AB - The relationship between the objective accuracy of visual short-term memory (VSTM) representations and their subjective conscious experience is unknown. We investigated this issue by assessing how the objective and subjective components of VSTM in a delayed cue-target orientation discrimination task are affected by intervening distracters. On each trial, participants were shown a memory cue (a grating), the orientation of which they were asked to hold in memory. On approximately half of the trials, a distracter grating appeared during the maintenance interval; its orientation was either identical to that of the memory cue, or it differed by 10° or 40°. The distracters were masked and presented briefly, so they were only consciously perceived on a subset of trials. At the end of the delay period, a memory test probe was presented, and participants were asked to indicate whether it was tilted to the left or right relative to the memory cue (VSTM accuracy; objective performance). In order to assess subjective metacognition, participants were asked indicate the vividness of their memory for the original memory cue. Finally, participants were asked rate their awareness of the distracter. Results showed that objective VSTM performance was impaired by distracters only when the distracters were very different from the cue, and that this occurred with both subjectively visible and invisible distracters. Subjective metacognition, however, was impaired by distracters of all orientations, but only when these distracters were subjectively invisible. Our results thus indicate that the objective and subjective components of VSTM are to some extent dissociable.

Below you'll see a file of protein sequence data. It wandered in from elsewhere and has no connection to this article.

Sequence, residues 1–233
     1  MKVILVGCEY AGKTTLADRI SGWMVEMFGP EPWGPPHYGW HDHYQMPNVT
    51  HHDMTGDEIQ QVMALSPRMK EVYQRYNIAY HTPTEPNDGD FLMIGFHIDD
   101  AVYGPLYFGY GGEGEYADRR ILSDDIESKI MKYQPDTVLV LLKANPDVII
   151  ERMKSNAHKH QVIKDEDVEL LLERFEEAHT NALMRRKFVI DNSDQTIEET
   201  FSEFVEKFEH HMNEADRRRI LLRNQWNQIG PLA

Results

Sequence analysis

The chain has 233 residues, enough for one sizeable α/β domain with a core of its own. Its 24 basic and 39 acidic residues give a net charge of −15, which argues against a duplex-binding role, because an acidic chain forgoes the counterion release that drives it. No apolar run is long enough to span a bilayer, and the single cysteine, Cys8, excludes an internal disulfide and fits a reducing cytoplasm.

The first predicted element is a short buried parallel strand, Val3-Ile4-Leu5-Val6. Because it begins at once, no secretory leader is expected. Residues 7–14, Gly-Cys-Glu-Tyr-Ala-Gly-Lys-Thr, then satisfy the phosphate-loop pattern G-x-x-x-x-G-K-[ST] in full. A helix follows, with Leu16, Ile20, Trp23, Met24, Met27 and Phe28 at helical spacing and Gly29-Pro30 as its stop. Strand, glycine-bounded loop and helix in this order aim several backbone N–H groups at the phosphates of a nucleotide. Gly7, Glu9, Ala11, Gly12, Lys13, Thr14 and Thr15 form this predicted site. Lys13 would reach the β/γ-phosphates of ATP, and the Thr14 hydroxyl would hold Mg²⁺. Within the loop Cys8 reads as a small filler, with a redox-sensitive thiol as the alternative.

KW - visual short-term memory

KW - visual awareness

KW - visual processing

KW - memory vividness

KW - distracter interference

U2 - 10.3389/fpsyg.2013.00062

DO - 10.3389/fpsyg.2013.00062

M3 - Article

VL - 4

SP - 1

EP - 6

JO - Frontiers in Psychology

JF - Frontiers in Psychology

SN - 1664-1078

M1 - 62

ER -

ID: 879115